The oil giant ExxonMobil may have given big bucks to scientist Wei Hock "Willie" Soon, who blames global warming on the sun.
Bill McKibben has it in for Canada. In a new article in The New Republic, he calls it "one of the earth's most irresponsible nations," admonishes liberals that they need to find a new country to dream of emigrating to, and stops just short of calling Canadians (and Americans, but what else is new) giant hypocrites. What's pissing McKibben off? Tar sands, of course.
Here's how releasing oil from the Strategic Petroleum Reserve can lower gas prices and help get the U.S. off of oil.
When it comes to oil, this is what the U.S. looks like to the rest of the world The Obama administration has decided over the next two months to release 60 million barrels of oil from the Strategic Petroleum Reserve. This is kind of like giving Bubbles from the Wire $5 when he's in the middle of one of his smack binges -- it's not really going to affect consumption, and it sure as hell doesn't address the root problem, which is our seemingly insuperable addiction to oil.
Wondering whether natural gas and oil transportation pipelines are safe? Why not ask a neutral objective party -- like, say, the pipeline industry? The federal government’s Pipeline Hazardous Materials Safety Administration is supposed to study and regulate pipeline safety. But as the San Francisco Chronicle discovered, in practice, the agency tends to hand that responsibility back over to the pipeline industry.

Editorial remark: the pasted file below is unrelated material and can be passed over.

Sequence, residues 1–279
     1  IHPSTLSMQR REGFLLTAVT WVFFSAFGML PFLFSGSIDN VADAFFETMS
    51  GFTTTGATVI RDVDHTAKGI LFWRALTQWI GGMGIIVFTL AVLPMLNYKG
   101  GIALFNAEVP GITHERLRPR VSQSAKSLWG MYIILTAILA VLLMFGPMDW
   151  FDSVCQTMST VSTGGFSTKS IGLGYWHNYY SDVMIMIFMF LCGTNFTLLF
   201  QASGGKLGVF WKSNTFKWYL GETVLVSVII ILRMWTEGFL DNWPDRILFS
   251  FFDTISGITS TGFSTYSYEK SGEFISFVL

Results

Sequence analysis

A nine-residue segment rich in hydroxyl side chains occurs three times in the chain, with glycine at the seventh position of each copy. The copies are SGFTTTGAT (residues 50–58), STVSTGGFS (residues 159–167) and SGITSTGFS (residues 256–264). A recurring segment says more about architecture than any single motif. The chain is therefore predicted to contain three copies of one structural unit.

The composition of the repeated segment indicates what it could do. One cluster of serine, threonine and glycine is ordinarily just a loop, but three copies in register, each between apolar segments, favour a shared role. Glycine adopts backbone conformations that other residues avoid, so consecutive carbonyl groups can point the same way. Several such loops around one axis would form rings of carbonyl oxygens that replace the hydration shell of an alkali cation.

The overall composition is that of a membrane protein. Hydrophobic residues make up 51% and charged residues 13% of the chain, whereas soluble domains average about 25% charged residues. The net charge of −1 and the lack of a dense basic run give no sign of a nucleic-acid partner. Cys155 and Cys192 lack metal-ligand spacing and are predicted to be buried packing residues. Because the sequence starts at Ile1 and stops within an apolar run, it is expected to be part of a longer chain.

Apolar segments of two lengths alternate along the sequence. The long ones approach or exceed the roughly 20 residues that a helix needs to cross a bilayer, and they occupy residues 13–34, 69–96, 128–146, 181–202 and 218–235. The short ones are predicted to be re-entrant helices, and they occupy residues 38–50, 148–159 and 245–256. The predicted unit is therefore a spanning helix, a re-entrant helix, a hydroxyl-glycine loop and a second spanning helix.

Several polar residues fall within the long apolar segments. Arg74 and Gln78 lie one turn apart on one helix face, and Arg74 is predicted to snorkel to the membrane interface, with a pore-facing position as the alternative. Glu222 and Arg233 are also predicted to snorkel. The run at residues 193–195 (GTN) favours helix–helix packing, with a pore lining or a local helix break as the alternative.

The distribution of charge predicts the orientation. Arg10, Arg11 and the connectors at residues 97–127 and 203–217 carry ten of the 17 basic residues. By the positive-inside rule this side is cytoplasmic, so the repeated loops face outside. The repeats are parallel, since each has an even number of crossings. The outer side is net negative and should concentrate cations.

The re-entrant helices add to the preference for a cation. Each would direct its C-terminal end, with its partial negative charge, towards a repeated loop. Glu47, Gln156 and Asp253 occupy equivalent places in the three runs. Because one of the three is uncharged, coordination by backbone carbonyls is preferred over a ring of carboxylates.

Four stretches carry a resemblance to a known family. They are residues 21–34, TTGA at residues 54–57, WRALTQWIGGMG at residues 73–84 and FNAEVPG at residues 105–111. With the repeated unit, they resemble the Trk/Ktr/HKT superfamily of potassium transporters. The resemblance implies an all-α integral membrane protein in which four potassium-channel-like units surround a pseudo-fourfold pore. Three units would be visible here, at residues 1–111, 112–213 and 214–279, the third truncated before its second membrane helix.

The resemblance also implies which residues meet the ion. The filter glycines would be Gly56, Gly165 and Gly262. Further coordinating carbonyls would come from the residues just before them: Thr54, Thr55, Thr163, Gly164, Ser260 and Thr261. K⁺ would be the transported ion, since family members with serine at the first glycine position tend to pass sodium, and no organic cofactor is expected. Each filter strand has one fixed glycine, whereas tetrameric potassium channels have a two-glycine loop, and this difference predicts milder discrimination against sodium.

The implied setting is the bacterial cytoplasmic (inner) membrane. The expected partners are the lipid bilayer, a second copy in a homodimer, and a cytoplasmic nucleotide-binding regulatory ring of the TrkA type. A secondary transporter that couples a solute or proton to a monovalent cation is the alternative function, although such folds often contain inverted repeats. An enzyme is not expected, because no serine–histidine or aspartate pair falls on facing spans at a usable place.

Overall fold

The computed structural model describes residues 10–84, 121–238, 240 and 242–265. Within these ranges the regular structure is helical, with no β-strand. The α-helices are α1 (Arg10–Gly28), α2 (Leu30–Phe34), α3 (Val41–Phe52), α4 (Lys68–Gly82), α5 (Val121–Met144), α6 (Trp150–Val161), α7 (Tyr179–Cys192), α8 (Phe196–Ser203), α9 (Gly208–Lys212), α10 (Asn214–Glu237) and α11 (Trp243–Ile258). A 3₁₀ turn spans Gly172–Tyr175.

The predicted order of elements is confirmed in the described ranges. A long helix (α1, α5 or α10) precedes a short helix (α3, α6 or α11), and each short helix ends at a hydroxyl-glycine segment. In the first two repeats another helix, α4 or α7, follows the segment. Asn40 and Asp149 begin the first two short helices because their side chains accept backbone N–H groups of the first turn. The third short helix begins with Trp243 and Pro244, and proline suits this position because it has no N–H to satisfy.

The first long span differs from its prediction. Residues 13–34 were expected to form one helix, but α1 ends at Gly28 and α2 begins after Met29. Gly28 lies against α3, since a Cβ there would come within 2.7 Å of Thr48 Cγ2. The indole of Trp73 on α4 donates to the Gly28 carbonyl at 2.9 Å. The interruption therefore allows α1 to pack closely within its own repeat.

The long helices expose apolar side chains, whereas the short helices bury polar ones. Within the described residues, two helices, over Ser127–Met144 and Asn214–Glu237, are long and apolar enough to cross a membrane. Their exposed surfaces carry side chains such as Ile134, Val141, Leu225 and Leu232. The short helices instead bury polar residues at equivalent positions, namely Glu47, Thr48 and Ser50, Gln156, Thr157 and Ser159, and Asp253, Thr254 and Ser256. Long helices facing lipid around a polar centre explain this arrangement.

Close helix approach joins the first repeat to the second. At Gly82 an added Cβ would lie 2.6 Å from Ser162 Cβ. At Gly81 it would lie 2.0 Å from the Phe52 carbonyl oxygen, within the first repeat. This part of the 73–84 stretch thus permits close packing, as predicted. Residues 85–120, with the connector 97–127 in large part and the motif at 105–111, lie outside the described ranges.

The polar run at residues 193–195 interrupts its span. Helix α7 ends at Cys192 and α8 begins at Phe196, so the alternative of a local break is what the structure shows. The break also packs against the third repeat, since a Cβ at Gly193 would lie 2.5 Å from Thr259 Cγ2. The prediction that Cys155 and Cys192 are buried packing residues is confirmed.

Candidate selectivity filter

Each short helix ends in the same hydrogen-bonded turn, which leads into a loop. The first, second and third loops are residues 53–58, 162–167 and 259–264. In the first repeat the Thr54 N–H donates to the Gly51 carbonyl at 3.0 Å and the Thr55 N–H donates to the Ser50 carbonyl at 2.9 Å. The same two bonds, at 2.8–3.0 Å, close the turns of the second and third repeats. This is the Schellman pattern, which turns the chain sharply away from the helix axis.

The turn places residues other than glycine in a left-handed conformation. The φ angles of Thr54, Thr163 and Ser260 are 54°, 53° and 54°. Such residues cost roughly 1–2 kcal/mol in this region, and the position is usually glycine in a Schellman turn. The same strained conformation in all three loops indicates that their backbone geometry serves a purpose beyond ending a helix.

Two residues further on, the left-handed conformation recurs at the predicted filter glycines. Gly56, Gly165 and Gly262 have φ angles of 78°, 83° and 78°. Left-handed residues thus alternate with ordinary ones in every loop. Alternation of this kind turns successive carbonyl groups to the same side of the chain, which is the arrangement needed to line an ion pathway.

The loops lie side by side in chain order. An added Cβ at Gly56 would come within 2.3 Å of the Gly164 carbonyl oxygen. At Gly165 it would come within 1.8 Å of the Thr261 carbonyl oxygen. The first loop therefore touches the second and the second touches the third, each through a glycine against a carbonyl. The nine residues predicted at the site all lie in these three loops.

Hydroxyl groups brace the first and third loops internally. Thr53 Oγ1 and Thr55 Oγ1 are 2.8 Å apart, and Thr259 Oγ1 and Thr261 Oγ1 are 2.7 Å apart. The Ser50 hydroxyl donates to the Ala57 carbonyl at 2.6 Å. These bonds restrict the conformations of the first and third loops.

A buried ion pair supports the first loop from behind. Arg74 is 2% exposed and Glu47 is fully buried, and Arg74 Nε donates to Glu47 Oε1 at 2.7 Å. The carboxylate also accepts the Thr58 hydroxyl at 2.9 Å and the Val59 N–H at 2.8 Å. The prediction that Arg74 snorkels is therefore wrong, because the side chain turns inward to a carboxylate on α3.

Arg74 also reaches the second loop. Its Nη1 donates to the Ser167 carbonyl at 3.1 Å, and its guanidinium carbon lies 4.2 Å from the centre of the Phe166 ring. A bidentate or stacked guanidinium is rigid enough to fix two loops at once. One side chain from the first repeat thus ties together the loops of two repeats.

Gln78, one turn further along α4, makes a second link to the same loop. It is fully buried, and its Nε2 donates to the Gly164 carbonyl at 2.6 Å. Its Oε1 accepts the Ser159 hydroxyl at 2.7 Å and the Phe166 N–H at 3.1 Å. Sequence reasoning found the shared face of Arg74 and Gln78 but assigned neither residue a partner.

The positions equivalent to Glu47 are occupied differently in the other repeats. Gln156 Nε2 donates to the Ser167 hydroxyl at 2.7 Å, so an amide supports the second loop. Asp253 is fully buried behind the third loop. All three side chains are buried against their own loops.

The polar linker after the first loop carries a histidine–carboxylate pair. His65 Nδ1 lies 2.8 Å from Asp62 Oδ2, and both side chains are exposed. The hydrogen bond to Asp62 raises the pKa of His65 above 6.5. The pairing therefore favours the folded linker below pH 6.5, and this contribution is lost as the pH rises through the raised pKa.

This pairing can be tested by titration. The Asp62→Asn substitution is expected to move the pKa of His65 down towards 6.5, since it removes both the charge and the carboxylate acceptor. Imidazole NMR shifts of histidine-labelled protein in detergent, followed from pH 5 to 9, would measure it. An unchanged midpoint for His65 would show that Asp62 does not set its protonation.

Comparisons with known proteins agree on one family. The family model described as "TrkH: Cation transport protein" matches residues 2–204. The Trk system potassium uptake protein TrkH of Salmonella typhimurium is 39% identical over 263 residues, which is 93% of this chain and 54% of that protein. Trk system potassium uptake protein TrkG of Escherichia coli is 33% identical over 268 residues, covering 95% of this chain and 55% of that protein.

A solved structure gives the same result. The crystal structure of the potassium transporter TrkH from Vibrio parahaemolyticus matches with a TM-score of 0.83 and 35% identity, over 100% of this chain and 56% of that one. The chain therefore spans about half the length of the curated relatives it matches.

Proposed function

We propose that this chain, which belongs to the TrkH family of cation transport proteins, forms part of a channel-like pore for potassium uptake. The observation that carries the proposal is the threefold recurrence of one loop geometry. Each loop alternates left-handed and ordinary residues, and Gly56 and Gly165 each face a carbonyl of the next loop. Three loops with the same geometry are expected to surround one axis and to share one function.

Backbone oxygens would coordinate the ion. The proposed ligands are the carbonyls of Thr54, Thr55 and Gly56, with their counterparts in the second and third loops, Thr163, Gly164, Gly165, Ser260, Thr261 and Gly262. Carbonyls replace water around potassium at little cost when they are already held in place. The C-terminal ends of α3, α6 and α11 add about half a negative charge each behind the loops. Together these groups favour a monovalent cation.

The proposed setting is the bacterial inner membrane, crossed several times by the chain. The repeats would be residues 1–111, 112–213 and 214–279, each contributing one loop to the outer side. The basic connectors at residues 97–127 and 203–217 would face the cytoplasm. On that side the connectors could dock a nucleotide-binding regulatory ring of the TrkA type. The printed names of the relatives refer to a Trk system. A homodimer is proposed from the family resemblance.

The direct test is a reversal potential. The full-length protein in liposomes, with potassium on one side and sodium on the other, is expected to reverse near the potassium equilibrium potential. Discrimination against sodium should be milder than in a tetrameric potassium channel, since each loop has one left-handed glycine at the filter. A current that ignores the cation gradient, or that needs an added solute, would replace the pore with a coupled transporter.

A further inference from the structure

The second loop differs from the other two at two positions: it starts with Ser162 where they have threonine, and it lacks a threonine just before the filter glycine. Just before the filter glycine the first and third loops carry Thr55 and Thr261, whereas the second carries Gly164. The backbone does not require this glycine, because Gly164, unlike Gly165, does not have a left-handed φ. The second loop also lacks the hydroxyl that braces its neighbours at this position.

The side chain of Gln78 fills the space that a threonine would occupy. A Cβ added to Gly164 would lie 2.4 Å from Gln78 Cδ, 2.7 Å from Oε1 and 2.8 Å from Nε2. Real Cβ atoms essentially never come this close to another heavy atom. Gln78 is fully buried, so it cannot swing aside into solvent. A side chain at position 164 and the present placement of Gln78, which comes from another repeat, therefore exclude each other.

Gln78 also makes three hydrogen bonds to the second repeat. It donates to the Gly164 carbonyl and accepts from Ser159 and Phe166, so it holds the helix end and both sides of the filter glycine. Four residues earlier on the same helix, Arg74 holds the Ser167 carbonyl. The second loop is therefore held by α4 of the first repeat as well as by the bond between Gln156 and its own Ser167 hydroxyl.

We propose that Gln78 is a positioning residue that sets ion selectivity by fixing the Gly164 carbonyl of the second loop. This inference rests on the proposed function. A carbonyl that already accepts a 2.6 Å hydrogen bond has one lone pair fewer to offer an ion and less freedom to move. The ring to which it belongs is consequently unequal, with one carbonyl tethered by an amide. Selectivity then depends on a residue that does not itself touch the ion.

What's the true price of gasoline? This animated feature from the Center for Investigative Reporting explores the external costs of oil use in the US.
Next to agriculture, the industry most vulnerable to climate change is, arguably, the extraction of the very fossil fuels that are causing it, says Michael Cote at GOOD. And while this industry is spending millions to deny that climate change even exists and to block efforts to deal with it, it's also going to need to spend billions to cope with its effects. Sure, climate change sucks harder than a collapsed star, but at least it's leading to ironies so vast that only particles of sputtering dumbfoundedness can escape.
According to a new report from BP, our current energy path leads to catastrophe, and it's hard to even envision a scenario in which catastrophe is avoided.